Can companies be trusted?  Some aspects of Tesco law

by Roderick Ramage, solicitor,

first published in New Law Journal ( on 12 May 2006



This article is not advice to any person and may not be taken as a definitive statement of the law in general or in any particular case. The author does not accept any responsibility for anything that any person does or does not do as a result of reading it.


What Clementi forgot to mention.



Sir David Clementi’s report (Final Report Review of the Regulatory Framework for Legal Services in England and Wales (December 2004)) had as its brief to consider what “regulatory framework would best promote competition, innovation and the public and consumer interest in an efficient, effective and independent legal sector” and to make recommendations.  His recommendations to liberalise the legal services market included the creation of alternative business models, which would enable the ownership of law firms to be split from their management, so that a law firm could have outside equity investors or an existing business (eg Tesco, the RAC and the Co-Op) could provide legal service to the public.   The government accepted most of his proposals in its White Paper (The Future of Legal Services: Putting Consumers First October 2005 CM 6679) and a Legal Services Bill is expected to be published soon).


corporations and individuals

Law and morals are uneasy bedfellows.  A corporation is a legal person but the concept of a moral or an immoral corporation is an oxymoron.  A corporation is an artificial person with such powers as are given to it by statute or its constitution, its memorandum and articles of association in the case of companies incorporated under the Companies Acts 1985 or earlier.  One should not fall into the trap of assuming that a company has human attributes because it operates through the agency of human beings, or because of the fact that it is a person, or even the fact that it may have rights under the Human Rights Act 1998: see eg Marpa Zeeland BV and another v Netherlands (App No 46300/99) (ECHR), Ashworth Hospital Authority v MGN Ltd [2002] UKHL 29 and Cream Holdings Ltd v Banerjee [2004] UKHL 44, [2005] 1 AC 253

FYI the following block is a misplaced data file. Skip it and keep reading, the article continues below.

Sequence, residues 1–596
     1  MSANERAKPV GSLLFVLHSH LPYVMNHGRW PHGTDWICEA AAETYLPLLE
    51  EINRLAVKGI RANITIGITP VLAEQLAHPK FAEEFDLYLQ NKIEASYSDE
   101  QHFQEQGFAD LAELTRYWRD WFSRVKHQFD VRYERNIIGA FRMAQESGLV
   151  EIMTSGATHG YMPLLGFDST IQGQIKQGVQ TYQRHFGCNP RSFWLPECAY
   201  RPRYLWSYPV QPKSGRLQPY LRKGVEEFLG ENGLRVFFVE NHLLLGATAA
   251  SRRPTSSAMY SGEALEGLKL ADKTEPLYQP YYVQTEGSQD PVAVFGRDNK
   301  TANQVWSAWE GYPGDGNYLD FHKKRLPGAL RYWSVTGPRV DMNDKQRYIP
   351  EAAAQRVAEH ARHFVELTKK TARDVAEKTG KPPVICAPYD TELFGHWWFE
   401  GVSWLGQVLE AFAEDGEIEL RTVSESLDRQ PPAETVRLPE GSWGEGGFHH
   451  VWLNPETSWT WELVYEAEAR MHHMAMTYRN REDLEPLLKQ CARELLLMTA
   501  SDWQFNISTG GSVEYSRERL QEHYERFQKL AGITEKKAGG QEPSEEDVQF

In this article I use the word “corporations” to mean commercial (for profit) companies, some or all of whose shareholders are not its directors or managers (ie with outside investors), and “individuals” to mean not only natural persons but also (i) partnerships of natural persons and (ii) companies in which all the shareholders are also directors or managers (ie with no outside investors).  The distinction is important in the context of trust, morality etc.